The telecom industry was long seen as a stable business where little changed. From about the time of the first New York to San Francisco phone call in 1914, up to the 1980s, little has changed in the structure of the phone network.
Big technology changes came in with fiber-optic technology, but this still involved network hardware. Every network function typically had a “box” to go with it. Functions such as firewalls, VPNs, network routers, and load balancers were all deployed on proprietary, purpose-built physical hardware. This was costly, took up lots of rack space and power, and required staff skilled in each device. Innovation was slow and limited to hardware refresh cycles.
A better solution was needed. In 2012, a global team of representatives from multiple telecoms authored a white paper that defined the idea of Network Functions Virtualization (NFV). It changed everything.
Boxes Out, VMs In: The Revolution Begins
The big idea behind NFV was to move the network functions that were being run on purpose-built hardware to virtual machines, and this was made possible by the rise of VMware and other hypervisors. Anything that can be done on a purpose-built box can also be done on commodity data center kit: servers, storage, and networking gear. This simple and very powerful idea has many potential benefits:
- Reduced cost. Studies show savings of anywhere from 40% to 80% compared to conventional telecom networks.
- Reduced power consumption.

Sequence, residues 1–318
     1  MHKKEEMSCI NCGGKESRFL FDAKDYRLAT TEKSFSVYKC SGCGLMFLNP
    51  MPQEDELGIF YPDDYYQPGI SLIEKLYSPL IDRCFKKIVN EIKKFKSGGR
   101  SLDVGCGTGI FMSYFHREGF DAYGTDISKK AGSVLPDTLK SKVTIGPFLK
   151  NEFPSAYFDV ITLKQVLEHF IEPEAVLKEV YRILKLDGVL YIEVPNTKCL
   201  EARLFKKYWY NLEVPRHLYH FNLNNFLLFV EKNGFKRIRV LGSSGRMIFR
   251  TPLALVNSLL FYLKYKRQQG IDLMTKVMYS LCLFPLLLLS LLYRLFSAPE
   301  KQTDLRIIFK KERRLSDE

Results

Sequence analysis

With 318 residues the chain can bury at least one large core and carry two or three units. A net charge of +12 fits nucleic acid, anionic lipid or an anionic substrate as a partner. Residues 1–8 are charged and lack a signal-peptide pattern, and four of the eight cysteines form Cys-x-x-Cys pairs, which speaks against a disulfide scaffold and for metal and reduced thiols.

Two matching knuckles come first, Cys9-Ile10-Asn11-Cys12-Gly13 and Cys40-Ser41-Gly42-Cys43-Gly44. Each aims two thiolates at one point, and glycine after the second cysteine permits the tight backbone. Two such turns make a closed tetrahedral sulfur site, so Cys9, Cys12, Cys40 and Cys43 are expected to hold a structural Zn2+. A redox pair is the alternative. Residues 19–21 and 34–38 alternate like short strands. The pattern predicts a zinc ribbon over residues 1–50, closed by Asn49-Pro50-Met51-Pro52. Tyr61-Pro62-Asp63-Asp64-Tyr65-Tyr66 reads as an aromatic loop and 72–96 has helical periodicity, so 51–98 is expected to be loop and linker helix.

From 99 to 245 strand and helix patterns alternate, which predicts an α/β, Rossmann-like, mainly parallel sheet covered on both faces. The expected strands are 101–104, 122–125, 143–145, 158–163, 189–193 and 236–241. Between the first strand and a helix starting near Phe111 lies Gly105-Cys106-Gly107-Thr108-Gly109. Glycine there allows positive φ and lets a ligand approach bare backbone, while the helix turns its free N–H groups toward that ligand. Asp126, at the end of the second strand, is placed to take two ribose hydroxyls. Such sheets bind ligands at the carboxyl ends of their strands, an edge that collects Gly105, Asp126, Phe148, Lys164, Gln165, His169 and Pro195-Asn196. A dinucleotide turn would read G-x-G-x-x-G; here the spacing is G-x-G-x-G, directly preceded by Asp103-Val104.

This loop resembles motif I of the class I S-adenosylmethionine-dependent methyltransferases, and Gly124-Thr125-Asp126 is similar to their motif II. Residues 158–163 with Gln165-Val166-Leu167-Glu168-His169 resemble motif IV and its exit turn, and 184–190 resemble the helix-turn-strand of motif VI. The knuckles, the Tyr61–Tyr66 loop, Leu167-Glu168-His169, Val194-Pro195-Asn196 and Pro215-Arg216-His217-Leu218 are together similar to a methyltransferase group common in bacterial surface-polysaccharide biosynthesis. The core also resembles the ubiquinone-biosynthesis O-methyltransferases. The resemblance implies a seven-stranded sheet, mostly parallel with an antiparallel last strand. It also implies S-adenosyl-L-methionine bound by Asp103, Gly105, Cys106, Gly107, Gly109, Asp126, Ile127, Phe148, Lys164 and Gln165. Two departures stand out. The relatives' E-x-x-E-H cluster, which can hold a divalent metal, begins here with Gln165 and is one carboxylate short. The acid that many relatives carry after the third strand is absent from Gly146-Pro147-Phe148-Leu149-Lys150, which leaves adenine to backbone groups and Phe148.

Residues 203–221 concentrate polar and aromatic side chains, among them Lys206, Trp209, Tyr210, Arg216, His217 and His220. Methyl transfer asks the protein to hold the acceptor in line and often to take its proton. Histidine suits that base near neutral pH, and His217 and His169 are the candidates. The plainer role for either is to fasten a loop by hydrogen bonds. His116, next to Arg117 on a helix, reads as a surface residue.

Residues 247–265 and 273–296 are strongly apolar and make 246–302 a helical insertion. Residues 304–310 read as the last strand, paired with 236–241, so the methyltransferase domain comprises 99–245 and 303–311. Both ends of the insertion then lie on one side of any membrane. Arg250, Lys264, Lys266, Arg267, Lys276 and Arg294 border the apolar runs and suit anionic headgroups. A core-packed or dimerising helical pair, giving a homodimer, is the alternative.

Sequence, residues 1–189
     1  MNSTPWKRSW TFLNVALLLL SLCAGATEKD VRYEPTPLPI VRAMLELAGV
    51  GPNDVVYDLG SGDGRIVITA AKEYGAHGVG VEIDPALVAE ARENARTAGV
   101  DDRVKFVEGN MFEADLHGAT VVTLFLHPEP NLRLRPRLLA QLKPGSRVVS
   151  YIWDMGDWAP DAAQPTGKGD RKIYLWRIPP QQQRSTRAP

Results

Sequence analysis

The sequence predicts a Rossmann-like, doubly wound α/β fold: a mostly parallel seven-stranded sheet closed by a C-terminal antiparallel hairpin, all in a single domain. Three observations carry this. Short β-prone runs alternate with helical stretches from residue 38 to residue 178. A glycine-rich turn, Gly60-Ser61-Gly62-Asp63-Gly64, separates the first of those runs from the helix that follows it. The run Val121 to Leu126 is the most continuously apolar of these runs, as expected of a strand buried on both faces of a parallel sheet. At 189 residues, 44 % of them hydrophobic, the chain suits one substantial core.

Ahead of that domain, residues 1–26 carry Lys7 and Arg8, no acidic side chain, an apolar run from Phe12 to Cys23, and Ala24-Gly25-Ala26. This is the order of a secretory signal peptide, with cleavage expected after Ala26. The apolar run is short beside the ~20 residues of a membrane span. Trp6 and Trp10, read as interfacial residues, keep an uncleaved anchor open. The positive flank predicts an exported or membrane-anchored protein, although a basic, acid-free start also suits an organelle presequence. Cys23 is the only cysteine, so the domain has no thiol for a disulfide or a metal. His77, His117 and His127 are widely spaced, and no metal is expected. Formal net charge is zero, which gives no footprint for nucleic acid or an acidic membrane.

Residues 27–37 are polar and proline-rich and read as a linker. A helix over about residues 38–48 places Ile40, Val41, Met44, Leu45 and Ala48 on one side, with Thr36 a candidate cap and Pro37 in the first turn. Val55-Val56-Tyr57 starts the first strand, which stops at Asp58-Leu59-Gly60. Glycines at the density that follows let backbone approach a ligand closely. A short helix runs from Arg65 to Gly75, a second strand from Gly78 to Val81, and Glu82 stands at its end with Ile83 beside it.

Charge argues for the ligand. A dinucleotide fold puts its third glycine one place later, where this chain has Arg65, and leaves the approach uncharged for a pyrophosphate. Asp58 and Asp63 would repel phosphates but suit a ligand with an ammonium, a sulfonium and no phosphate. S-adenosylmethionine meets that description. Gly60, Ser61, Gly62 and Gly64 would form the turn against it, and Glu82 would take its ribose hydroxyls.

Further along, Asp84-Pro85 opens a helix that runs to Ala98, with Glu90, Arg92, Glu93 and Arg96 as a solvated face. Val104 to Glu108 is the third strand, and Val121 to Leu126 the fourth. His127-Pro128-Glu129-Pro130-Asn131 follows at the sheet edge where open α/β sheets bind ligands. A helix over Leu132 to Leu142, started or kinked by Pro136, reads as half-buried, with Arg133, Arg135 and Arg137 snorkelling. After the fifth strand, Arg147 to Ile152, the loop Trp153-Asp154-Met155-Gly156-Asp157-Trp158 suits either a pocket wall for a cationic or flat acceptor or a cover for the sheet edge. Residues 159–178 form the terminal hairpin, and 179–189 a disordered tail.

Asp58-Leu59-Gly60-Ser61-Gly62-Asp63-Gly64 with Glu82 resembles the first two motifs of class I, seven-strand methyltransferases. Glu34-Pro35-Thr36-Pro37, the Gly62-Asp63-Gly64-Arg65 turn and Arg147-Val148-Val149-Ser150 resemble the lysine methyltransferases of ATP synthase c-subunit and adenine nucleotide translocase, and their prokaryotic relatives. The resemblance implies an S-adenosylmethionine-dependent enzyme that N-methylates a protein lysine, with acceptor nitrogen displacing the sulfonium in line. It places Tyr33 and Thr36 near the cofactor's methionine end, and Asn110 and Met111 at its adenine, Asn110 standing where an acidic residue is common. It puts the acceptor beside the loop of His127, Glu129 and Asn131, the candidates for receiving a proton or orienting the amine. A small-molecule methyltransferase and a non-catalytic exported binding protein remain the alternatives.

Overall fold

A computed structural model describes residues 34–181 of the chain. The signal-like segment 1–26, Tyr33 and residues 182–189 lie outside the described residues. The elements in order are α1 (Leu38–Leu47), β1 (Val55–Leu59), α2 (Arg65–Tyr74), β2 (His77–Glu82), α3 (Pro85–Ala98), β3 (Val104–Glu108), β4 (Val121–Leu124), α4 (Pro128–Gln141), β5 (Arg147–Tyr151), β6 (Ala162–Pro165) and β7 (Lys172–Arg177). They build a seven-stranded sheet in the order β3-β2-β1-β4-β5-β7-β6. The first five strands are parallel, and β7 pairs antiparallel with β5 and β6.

- The ability to easily share resources (multi-tenancy).
- The ability to rapidly scale services up or down.
- Hardware portability and easy hardware mix-and-match (for example, any brand of x86 server will serve the same purpose).
This is just a partial list of the amazing benefits that NFV can provide to telecom providers, particularly as they build out new 5G networks. (A quick terminology clarification: When a particular function is virtualized, it’s referred to as a Virtualized Network Function or VNF. Network Function Virtualization is the overall concept.)
NFV is a truly revolutionary idea, but there are challenges to deal with:
- Performance challenges. The good thing about purpose-built boxes is that they can be designed to do one thing very effectively. Moving to a general-purpose platform means that you can’t optimize the hardware for specific tasks. It is unknown whether performance will be good enough for networks that handle millions of operations an hour.
- Migration and co-existence. Telecoms already have vast data centers full of network boxes. You can’t snap your fingers and switch to VNFs, so the VNFs have to work with existing gear during a potentially decades-long period of transition. They also critically have to be able to tie into management Optional Support System (OSS) and billing systems.
- Management and automation. Telecom carrier networks are too large to be manually managed. Support for management and automation frameworks is critical.